Public Services > Central Government

Ireland to build central gateway for e-Government services

Matteo Natalucci Published 03 August 2017

Gateway intended to offer an ‘easy, secure and reliable way’ to access e-Government services from across the country’s public administrations

The Irish Republic is to build a central gateway to provide citizens with access to e-Government services

Its ‘Digital Service Gateway’ is one of ten priorities set out in the e-Government Strategy  2017–2020.

The minister of state for Public Procurement, Open Government and e-Government  Patrick O’Donovan said , “The new e-Government Strategy sets out our plans to be a leader in the provision of digital government services. We have made substantial progress over the last few years and want to build upon that. The expectations of our people are very clear in terms of more convenient, intuitive and joined-up digital services; delivering on these expectations will be one of my key priorities going forward”.

The strategy emerges out of the contextual changes of the last few years such as technology innovation, a more joined-up Civil Service and developments across the EU. It aims to support the objectives of the Public Service Reform Plan of increasing efficiencies and providing better services for citizens, businesses and civil servants though embracing the latest technological advances.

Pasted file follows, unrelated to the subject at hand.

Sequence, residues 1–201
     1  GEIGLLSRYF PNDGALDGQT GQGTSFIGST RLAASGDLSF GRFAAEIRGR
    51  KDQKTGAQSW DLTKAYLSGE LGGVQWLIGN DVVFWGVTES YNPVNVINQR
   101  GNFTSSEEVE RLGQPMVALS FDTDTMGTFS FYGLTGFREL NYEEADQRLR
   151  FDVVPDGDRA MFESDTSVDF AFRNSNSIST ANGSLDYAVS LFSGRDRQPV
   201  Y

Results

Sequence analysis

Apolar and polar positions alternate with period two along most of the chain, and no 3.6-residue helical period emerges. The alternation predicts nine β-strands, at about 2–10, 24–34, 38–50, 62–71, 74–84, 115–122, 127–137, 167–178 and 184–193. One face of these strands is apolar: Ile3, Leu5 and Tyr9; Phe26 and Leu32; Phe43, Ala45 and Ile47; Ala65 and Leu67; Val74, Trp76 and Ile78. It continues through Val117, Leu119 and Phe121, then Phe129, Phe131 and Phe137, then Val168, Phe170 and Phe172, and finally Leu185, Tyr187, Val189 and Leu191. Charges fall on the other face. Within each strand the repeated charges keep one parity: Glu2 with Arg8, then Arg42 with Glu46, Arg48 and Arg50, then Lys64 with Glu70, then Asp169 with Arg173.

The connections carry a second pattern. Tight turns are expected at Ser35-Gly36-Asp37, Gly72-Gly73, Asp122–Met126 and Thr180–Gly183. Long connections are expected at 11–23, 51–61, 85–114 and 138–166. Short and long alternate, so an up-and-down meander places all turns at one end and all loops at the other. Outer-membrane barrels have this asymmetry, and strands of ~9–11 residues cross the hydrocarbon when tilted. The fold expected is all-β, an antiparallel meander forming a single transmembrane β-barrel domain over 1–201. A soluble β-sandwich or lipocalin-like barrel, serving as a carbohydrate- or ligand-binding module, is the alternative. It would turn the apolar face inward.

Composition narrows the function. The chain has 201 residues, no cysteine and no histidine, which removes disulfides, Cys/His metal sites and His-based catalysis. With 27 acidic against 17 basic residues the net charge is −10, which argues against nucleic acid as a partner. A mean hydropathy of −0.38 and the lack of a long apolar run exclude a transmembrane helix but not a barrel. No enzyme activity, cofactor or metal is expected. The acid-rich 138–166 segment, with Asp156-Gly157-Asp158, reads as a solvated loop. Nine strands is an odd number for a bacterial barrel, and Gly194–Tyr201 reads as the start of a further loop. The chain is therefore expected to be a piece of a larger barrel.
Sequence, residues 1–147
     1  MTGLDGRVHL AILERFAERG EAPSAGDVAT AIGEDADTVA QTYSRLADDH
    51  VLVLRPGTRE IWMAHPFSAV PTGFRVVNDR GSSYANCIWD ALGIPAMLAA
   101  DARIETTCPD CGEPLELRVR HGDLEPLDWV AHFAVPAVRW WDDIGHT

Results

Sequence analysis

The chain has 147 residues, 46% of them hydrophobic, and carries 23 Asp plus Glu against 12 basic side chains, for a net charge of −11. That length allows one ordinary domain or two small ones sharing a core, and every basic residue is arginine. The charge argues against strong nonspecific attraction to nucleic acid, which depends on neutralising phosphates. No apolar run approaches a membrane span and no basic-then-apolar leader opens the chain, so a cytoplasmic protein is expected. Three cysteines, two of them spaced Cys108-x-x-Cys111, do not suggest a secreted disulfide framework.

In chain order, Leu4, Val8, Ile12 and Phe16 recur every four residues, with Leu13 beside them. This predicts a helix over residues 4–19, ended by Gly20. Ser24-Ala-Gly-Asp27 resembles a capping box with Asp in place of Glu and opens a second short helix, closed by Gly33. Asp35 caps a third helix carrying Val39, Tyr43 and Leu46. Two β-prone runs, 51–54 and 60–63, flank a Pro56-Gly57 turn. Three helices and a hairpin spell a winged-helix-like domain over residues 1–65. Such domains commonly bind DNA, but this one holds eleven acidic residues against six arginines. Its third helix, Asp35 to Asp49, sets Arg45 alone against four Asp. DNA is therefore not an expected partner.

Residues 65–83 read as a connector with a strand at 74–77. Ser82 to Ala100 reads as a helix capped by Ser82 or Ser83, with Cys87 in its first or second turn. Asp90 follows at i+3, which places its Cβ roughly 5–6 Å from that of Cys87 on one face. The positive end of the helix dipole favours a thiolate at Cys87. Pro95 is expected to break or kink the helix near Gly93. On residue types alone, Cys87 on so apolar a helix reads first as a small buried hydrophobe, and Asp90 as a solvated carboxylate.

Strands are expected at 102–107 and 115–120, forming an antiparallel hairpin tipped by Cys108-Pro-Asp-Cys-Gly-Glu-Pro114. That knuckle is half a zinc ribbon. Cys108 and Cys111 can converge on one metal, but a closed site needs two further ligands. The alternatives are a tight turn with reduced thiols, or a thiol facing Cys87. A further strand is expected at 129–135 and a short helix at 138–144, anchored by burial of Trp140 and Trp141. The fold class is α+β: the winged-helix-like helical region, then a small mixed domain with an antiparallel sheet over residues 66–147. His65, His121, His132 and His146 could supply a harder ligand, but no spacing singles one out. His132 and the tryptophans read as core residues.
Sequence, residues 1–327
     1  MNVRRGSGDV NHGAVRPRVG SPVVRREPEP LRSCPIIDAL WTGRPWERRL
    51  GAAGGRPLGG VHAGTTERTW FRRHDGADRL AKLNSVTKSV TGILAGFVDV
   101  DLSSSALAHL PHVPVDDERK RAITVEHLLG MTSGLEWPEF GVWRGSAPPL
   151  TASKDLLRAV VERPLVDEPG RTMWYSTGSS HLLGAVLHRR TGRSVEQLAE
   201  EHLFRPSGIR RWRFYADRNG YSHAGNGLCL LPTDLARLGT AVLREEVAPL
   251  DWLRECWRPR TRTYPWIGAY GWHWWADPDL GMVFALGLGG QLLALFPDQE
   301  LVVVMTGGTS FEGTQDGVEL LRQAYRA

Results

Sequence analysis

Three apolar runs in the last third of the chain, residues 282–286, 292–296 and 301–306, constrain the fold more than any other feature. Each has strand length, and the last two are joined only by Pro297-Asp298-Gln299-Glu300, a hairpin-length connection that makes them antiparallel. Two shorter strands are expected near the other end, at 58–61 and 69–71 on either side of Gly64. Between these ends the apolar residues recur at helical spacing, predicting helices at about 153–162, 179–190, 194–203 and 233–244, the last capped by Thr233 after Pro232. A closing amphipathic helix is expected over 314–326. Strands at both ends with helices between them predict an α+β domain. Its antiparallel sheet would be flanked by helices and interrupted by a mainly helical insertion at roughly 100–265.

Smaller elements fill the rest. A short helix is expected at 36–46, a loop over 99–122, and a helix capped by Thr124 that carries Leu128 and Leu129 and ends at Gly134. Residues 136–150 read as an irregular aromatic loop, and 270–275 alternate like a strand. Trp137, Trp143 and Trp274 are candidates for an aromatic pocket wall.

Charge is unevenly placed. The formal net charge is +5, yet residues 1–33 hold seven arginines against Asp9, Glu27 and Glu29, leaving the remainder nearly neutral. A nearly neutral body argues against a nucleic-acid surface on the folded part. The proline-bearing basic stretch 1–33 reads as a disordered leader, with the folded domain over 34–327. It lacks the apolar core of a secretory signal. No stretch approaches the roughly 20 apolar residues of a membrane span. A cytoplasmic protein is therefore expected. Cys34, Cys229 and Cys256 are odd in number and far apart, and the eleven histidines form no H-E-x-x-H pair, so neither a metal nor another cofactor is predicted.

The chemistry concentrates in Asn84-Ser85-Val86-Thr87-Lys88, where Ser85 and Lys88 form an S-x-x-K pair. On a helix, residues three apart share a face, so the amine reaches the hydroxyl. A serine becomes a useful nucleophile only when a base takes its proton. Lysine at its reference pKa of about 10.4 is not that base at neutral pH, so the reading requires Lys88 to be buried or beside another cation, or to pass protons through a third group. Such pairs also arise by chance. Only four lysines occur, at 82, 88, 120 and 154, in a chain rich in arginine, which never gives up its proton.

"The Public Service ICT Strategy ... placed the e-Government Agenda within a bigger picture of change, i.e. of a government using data and digital to drive a better customer experience and using sharing, enhanced governance and improved capability to maximise the effectiveness of all aspects of government ICT and associated services," O’Donovan said.

The strategy is expected to create a new model for ICT delivery across the public service, delivering more effectiveness and efficiency in service delivery through a more integrated, shared and digital environment.

The strategy set out an ambitious ICT-driven agenda under five “pillars”:

The government intends to extend the existing eID capabilities (MyGovID) to help users to avoid having to provide the same information multiple times, and improve the overall user-experience. Both the e-ID and the Digital Services Gateway will use a “tell us once” principle to provide users means for single sign-on/authentication and verification/update of general information.  Also, it plans to support the development of the Eircode platform to provide more efficient customer services based on a users' location.

The strategy will ensure alignment with the EU e-Government Action Plan, which requires public administrations to provide borderless, personalised, user-friendly, end-to-end digital public services to all citizens and businesses in the EU by 2020.

(A report of the Irish government’s strategy recently appeared in a JoinUp article, written for the EC's ePractice project.)


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